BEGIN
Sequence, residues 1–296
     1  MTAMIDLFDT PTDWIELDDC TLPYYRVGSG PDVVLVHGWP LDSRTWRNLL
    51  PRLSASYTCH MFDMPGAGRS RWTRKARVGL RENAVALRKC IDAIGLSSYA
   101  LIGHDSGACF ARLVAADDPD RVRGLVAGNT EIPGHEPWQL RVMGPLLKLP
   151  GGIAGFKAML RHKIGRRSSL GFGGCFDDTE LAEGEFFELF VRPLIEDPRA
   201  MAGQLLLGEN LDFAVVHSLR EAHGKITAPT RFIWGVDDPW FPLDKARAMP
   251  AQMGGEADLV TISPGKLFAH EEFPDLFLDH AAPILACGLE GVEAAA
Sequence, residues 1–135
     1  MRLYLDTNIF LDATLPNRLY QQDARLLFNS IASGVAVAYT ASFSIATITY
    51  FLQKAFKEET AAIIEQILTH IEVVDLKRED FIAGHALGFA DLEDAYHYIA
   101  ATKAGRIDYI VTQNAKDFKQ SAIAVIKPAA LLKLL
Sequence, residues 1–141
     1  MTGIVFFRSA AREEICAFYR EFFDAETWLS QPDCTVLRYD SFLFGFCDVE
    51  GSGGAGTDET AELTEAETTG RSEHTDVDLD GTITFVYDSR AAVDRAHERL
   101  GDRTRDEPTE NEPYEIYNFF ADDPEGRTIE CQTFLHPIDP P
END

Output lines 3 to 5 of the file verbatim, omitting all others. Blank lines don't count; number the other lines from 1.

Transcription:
    51  PRLSASYTCH MFDMPGAGRS RWTRKARVGL RENAVALRKC IDAIGLSSYA
   101  LIGHDSGACF ARLVAADDPD RVRGLVAGNT EIPGHEPWQL RVMGPLLKLP
   151  GGIAGFKAML RHKIGRRSSL GFGGCFDDTE LAEGEFFELF VRPLIEDPRA